“Though weak political leadership has never really succeeded in forming a single national identity out of this diverse archipelago, the various churches have done a lot for local people. Diversity goes hand-in-hand with tolerance here, so schools, hospitals and churches have been established through inter-faith cooperation.
Linguistically, the many peoples of these islands communicate with one another using pidgin English, a simpler version which bears little relation to standard English in either vocabulary or pronunciation. This form of English is not taught in schools, but it’s used in everyday life for communication among the inhabitants of the various islands. This common language and history, as well as a generally inclusive attitude as bought with it, if not a shared identity, at least a form of camaraderie. It also has a name – wantokism – which comes from the words ‘one talk’.
The most important institution for Solomon Islanders is the extended family. Since the direct, nuclear family is also part of this, it goes without saying that parents, siblings and so on are extremely important, but strong bonds also hold together a much wider network of relations. Anyone not belonging to such an extended family is automatically a black sheep, and no greater loss can be imagined than to be cut off from such a family.
To this end, children learn their first lesson right at birth. This is when the first message, or lesson, is given: that the newborn has arrived In a safe, warm family environment.
Children perceive from an early age that they are part of an extended family, where there are far more of what they would consider ‘family members’ than we are accustomed to in the West. It is primarily the task of the parents is to take case of the little ones, but a host of close relatives also help out. It is important that young children spend as little time as possible during these years in the company of strangers. Only when they can speak, and think independently, are they ever left alone.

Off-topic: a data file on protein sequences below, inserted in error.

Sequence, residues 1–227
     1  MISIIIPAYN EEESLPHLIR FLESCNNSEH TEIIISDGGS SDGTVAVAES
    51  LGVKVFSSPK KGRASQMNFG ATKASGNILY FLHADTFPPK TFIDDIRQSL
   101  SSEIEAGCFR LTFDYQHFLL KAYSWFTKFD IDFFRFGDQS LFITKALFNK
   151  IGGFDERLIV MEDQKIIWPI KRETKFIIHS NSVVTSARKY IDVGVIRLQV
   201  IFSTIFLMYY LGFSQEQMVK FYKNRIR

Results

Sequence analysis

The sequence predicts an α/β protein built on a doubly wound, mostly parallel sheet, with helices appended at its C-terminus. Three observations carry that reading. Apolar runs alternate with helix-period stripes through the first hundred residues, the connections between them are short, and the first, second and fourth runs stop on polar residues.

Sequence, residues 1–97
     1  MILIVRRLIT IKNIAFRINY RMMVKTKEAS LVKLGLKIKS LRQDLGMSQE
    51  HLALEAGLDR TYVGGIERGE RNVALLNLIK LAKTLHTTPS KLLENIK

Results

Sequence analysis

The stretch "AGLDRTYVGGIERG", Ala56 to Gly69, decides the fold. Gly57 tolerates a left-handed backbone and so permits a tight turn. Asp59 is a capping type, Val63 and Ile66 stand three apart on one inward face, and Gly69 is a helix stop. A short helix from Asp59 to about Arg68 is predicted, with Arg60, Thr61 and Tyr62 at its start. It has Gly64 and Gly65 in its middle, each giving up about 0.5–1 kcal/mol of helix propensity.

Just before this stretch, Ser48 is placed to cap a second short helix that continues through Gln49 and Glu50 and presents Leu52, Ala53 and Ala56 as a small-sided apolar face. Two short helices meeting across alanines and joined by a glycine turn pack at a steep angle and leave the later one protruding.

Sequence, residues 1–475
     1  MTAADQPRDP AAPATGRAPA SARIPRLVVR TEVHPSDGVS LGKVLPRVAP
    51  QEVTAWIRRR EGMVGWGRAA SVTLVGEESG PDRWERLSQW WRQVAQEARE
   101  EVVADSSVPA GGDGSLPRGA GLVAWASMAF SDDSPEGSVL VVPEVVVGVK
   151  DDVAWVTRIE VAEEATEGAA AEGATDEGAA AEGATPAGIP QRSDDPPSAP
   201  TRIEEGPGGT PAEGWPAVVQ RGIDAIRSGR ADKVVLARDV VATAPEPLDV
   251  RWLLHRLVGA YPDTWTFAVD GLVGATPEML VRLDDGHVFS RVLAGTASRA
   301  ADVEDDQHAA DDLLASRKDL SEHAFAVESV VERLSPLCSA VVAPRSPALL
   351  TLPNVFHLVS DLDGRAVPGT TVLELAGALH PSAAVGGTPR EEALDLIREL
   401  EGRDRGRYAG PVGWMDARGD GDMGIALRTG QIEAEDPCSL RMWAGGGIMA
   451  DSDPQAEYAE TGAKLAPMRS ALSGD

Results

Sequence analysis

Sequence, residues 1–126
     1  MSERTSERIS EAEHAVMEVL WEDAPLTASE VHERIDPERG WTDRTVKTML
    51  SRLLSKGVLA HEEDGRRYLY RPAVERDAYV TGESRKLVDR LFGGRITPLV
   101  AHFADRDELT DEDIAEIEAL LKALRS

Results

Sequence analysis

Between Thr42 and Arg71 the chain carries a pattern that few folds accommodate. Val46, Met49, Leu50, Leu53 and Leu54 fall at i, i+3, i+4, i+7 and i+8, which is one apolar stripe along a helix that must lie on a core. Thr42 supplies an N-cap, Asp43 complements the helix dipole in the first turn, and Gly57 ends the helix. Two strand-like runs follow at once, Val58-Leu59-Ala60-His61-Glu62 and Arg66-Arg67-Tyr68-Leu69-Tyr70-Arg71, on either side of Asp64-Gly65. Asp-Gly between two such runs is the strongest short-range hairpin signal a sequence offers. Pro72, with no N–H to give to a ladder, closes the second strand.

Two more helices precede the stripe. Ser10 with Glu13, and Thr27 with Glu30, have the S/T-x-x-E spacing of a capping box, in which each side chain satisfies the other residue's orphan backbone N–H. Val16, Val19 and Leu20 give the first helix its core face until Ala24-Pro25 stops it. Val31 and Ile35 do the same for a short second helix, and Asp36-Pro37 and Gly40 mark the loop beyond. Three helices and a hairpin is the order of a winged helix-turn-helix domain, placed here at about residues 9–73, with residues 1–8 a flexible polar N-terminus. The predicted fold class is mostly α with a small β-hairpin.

While changes in the world have let to a modernization of both everyday life and the education system, and literacy has become much more important, children also learn a great deal in the home. There they are taught to pay attention, and to speak only when asked. Little girls are praised when they act like their mother, and boys when they act like their father. If a child does something bad it is the parents who feel ashamed, and if the child behaves well then the parents are praised.
In this traditional society, the roles of men and women, and an upbringing which prepares them for these roles, are highly emphasized. Household management and the cultivation of the garden are women’s responsibilities, while men are engaged in logging, canoeing, fishing and hunting.
Nowadays, as they find themselves increasingly hemmed in by the Western lifestyle, and receive a fuller education, these boundaries have begun to blur, but even today, a boy is considered a man if he can build a house, a canoe and a garden. A girl is considered a woman if she can cultivate a garden, cut down a tree, fetch water, and take care of the family even when her mother is not present.
This picture of a traditional society is darkened by the prevalence of discrimination against women and girls – women are generally given subordinate roles. There are relatively few girls in elementary education, and almost none in high school. Needless to say, this lack of education brings with it many health and social problems, such as poverty, child labor and abuse, teenage pregnancy and marriage, STDs, alcohol and drug use, etc.” (2017)